Bile acid sequestrants reduce cholesterol levels by 15% to 30%, almost all of which is in the form of LDL cholesterol.(6)A series of trials have validated that this degree of cholesterol lowering is effective for the treatment of cardiovascular disease (CVD). In the placebo-controlled Lipid Research Clinics Coronary Primary Prevention Trial (LRC-CPPT), for example, the 12% reduction in LDL was associated with a 19% reduction in coronary events (Fig. 2).(7) An angiographic-controlled trial was able to show that the reductions in LDL reduced progression of atherosclerosis.(8) Bile acid sequestrants have been recommended for primary control of CVD by the National Cholesterol Education Panel (NCEP) since 1984. Due to the fact that bile acid sequestrants exert their pharmacologic effect almost exclusively in the GI tract with very little systemic absorption, these agents are generally well tolerated. The most common adverse events associated with these agents have been GI related, including constipation, but these develop in a minority of patients at commonly-used doses. Approved for use in children, the safety of these agents was a primary reason that they became a first-line agent for treatment of hypercholesterolemia. With the introduction of statins, bile acid sequestrants were largely replaced as first-line agents but continued to be used adjunctively for those who were not able to reach treatment targets or as a replacement for those who were statin intolerant. Their LDL-lowering effects can be synergistic with other lipid-lowering agents. A rising rate of statin intolerance has refocused interest in alternative lipid-lowering agents, including bile acid sequestrants. Although such side effects as myalgia, myositis, and rhabdomyolysis have been associated with statins from the earliest clinical trials, these events, like liver enzyme abnormalities, are being encountered with more frequency because much higher doses are being prescribed than those initially. High dose statin therapy is a consequence of more rigorous LDL targets in large segments of the population at risk for CVD. Once considered uncommon, statin intolerance has been recently reported in up to 20% of patients taking these agents.(9) For statin intolerance or for patients who cannot reach LDL targets on statin therapy alone, bile acid sequestrants remain among the best options for lipid control. The first class of agents to demonstrate protection against CVD through lipid lowering, bile acid sequestrants have a well-established record of efficacy and safety. Although traditionally administered as a powder mixed with food or liquid, newer tablet formulations have increased convenience and reduced issues of taste, facilitating use in the chronic regimens required for CV risk reduction. Bile acid sequestrants may be of particular value in the treatment of hypercholesterolemia in diabetics, because these agents have also been associated with a modest but clinically significant improvement in glycemic control. In a double-blind study with colesevelam in type 2 diabetes patients poorly controlled on their current regimen, the addition of the bile acid sequestrant lowered the HbA1c significantly, although the exact mechanism remains unclear.(10)However, another double-blind study testing colesevelam in combination with metformin also documented clinically significant reductions in serum lipids and blood glucose levels, yielding the conclusion that this is an attractive initial combination in patients with both metabolic abnormalities.(11)In a pooled analysis of three placebo-controlled trials, colesevelam was associated with a 16.5% reduction in LDL (P<0.001), a 7.4% reduction in ApoB (P<0.001), a 0.5% reduction in HbA1c (P<0.001), and a 10% reduction in fasting glucose (P<0.001).(12) (Fig. 3)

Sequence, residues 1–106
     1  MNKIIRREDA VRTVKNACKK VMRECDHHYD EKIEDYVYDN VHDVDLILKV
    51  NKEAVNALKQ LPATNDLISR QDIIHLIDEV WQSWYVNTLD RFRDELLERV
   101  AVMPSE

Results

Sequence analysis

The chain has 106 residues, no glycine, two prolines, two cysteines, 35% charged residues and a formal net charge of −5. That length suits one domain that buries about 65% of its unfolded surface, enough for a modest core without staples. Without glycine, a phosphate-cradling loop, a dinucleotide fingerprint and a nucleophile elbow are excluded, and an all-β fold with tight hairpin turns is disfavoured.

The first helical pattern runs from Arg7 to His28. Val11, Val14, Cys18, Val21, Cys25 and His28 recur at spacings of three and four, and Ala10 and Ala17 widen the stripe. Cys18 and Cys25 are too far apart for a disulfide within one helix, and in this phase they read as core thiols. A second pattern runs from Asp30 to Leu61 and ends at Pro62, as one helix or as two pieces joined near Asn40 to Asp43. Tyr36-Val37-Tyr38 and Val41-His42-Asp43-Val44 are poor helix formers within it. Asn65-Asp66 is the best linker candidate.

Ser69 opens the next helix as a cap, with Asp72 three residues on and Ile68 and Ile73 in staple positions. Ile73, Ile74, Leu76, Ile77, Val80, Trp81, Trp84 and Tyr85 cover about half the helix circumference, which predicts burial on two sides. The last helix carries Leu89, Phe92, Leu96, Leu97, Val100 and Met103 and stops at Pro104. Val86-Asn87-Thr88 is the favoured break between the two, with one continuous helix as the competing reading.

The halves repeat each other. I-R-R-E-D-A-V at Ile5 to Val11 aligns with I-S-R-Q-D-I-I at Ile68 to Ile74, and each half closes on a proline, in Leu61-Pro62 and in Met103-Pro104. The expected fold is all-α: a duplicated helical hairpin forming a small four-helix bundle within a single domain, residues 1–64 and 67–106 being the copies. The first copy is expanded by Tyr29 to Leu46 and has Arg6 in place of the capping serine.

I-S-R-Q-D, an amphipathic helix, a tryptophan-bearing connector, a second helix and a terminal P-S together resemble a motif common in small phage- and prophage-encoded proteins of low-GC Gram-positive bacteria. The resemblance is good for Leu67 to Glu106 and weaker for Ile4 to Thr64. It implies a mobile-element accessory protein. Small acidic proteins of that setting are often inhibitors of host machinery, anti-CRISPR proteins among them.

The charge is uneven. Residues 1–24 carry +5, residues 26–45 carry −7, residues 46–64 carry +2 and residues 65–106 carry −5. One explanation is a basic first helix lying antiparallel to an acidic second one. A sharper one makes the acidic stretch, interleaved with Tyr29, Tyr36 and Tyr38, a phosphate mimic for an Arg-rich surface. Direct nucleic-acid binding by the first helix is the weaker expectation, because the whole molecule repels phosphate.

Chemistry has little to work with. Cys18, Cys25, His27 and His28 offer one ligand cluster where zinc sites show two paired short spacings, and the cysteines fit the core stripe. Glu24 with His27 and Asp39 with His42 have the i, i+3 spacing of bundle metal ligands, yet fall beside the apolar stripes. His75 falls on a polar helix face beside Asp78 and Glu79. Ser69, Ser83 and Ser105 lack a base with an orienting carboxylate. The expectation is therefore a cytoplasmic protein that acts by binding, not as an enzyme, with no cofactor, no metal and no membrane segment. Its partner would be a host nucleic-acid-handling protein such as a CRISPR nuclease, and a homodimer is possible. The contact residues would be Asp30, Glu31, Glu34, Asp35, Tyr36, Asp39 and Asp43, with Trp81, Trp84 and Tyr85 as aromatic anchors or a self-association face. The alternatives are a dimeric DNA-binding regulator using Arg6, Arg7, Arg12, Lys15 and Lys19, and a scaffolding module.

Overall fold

GI Disease: A Useful Drug Effect